Those in the news media undertaking scrutiny of the New Zealand coalition government’s unpopular* state-owned asset sales/partial privatisation (your choice) programme will, naturally, look for ‘fish hooks and broken glass’ and clauses like this … and write headlines like Vernon Small’s Loophole allows sale of over 49pc

A democracy depends on it.

*I say ‘unpopular’ based on opinion polls like this which shows 60% plus opposition to the proposed asset sales, although that may be falling.

One can only speculate what the effect on public opinion might be if the much-vaunted 49% ‘private ownership’ cap were to … slide … or appear to, as today’s Dominion Post front page story seems to suggest.

This sort of development can be seen as more grist to an electorate (partisan elements aside) which is being provoked, surely, to wonder if all may not be quite as it seems with their current crop of politicians.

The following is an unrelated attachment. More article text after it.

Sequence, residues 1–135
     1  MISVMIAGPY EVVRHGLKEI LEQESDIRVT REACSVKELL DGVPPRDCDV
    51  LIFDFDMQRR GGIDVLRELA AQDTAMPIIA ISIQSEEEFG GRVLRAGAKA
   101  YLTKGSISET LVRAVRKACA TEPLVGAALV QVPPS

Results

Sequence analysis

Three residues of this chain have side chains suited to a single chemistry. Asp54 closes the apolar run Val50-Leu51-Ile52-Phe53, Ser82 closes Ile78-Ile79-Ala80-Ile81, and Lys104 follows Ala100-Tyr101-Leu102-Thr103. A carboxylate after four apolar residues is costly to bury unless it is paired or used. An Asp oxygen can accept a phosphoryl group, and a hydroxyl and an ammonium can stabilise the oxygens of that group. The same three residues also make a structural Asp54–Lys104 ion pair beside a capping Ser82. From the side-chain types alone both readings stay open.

On this issue, so far we’ve had the Finance Minister admit to a ‘guess’ of proceeds of sale, the ‘We’ll put it into schools and hospitals’ justification, we’ve had the hurriedly painted-back-in Treaty of Waitangi SOE clauses, the PM’s ‘Trust me’ response to questions about limiting ownership to Kiwi mum and dad investors, and the 10% cap on ownership … now today’s ‘loopholes’ story on the front page of the capital’s newspaper.

At what point does National’s partial privatisation policy stand naked and exposed as ideologically-driven — a lurch to the right … as opposed to centrist, mainstream, sensible-fiscal-management-by-blokes-you-wouldn’t-mind-having-a-beer-with’?

Any day now?